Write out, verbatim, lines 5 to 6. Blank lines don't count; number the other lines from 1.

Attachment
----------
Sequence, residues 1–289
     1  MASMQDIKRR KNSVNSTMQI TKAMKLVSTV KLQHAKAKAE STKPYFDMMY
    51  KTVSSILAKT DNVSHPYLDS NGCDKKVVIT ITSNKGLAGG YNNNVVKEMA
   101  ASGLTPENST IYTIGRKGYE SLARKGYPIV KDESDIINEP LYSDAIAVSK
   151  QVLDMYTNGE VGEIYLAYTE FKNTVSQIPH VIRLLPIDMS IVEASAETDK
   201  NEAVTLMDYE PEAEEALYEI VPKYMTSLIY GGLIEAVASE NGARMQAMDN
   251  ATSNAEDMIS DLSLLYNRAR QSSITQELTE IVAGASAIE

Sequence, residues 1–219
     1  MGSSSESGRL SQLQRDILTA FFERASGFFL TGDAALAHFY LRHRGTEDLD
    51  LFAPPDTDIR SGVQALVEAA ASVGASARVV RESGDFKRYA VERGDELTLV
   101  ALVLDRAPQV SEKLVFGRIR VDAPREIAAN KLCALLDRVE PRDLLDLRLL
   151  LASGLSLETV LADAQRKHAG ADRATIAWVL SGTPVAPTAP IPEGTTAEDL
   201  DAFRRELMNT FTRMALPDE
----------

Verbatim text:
   151  QVLDMYTNGE VGEIYLAYTE FKNTVSQIPH VIRLLPIDMS IVEASAETDK
   201  NEAVTLMDYE PEAEEALYEI VPKYMTSLIY GGLIEAVASE NGARMQAMDN